“Ginal (featuring Collie Buddz)” is the kick-off single to the new Alborosie album, For The Culture, dropping on back-to-back Fridays. “Ginal,” is a Jamaican slang term to describe a trickster. The song is illustrated with cutting and humorous lyrics about people who talk too much (‘mouth ah massi’), that they will “smile inna yuh face an’ wah take yuh place.”  To this reality, Alborosie sings “chattings run road like a Taxi / glued to my word like epoxy / no carry news / laba laba / me ah no foxy….” The digital single for “Ginal” is released May 28th.

The collaboration was born out of a mutual respect between the artiste/ producers. During a recent media listening session via Zoom, Alborosie shared that he had recently voiced a track that Collie Buddz produced on the CaliRoots Riddm. Collie Buddz, responded that his first time listening to “Ginal” he “could feel it,” The Bermudian reggae artiste first appeared on the music scene in 2007, and since has had several chart-topping hits including “Come Around,” “She Gimme Love,” and “Blind To You.” 

Friday June 4 is the release date for the full Alborosie album titled For The Culture, with 14 new songs written, produced, and performed by Alborosie. Guest performers on the project are Collie Buddz, Jo Mersa Marley (“Ready”), Quino of Big Mountain (“Where Do You Go”) and Wailing Souls (“Life To Live”). The release is accompanied by multiple music videos for the focus tracks and singles with a series of visualizers dubbed ‘Visual-i-Jahs,’ concieved and directed by Alborosie and long-time creative partner Tony Fisher, to support the release of the album.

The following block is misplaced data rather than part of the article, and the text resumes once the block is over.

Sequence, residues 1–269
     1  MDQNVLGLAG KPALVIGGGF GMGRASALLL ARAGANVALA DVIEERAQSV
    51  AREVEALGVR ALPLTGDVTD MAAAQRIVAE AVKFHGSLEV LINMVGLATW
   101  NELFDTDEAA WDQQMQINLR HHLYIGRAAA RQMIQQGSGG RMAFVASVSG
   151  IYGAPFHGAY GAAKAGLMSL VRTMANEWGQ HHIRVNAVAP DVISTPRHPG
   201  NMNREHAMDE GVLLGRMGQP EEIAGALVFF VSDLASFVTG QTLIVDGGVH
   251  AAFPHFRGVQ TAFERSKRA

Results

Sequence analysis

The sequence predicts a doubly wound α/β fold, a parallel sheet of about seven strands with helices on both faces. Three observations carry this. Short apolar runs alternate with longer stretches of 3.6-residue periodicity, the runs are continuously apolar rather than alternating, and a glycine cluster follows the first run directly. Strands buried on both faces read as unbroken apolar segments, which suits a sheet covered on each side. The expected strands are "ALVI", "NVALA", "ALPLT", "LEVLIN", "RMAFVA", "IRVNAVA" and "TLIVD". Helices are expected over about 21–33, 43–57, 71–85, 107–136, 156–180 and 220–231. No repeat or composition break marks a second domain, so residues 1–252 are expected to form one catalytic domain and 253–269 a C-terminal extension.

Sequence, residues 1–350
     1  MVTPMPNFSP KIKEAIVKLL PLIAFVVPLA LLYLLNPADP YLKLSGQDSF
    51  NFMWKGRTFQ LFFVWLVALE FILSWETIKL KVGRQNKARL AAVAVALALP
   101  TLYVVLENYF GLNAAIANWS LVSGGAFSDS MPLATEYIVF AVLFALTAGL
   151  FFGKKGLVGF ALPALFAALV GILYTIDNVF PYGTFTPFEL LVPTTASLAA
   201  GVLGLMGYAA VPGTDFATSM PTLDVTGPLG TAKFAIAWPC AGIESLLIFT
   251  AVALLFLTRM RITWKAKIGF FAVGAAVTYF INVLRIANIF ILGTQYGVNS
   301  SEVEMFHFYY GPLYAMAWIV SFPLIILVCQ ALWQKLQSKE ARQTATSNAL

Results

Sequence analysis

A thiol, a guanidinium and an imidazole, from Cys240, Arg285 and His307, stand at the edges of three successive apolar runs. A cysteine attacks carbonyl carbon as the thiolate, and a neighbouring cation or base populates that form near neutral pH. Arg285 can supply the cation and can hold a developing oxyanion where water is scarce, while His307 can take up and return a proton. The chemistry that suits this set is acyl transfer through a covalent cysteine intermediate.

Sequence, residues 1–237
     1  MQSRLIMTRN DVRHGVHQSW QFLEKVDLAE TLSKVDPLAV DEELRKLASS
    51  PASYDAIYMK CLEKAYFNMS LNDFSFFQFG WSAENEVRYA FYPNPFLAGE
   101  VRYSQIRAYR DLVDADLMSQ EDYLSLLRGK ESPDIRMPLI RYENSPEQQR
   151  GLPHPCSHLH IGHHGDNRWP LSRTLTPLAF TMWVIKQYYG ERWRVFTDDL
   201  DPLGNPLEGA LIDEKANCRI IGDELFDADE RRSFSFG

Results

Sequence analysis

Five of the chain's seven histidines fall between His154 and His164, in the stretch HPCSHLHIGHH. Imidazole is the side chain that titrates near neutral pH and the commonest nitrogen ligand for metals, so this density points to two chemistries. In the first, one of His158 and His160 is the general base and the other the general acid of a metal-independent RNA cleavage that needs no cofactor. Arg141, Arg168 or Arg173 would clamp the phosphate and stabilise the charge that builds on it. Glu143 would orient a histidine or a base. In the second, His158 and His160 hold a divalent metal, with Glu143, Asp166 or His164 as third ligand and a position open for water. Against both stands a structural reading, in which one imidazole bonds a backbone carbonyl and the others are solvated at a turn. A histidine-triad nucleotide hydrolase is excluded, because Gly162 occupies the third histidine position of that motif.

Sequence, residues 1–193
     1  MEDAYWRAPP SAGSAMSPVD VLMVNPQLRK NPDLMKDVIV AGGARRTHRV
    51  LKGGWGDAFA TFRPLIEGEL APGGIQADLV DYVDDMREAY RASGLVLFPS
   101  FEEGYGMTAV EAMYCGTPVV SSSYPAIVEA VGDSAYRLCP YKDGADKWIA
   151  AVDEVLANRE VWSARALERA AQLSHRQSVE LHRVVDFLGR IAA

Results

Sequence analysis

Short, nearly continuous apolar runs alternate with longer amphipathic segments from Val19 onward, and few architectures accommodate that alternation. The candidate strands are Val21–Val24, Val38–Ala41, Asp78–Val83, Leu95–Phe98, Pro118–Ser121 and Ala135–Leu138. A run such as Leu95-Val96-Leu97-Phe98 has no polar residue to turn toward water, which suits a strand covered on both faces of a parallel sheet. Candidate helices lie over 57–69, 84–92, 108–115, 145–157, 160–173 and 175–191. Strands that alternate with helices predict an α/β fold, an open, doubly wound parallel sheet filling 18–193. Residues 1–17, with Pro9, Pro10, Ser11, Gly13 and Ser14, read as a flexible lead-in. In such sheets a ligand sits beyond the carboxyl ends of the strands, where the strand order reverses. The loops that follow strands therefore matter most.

In February 2021, the Alborosie Dub Station studio effects plug-in was released in collaboration with gear maker Audiothing. Since then, Alborosie has recorded several live dub sessions demonstrating or utilizing the device, under the moniker ‘Dub Mechanic’ and uploaded to his Pupaalbo YouTube channel. 

Alborosie has teamed with the Government of Jamaica to raise awareness for the issue of Human Trafficking. In 2020 he wrote and produced “Shadows After Dark,” featuring a who’s who of Jamaican vocalists to get the message out. The track has been played on mainstream radio in the U.K., The U.S., Italy, Canada, Germany, and others. 

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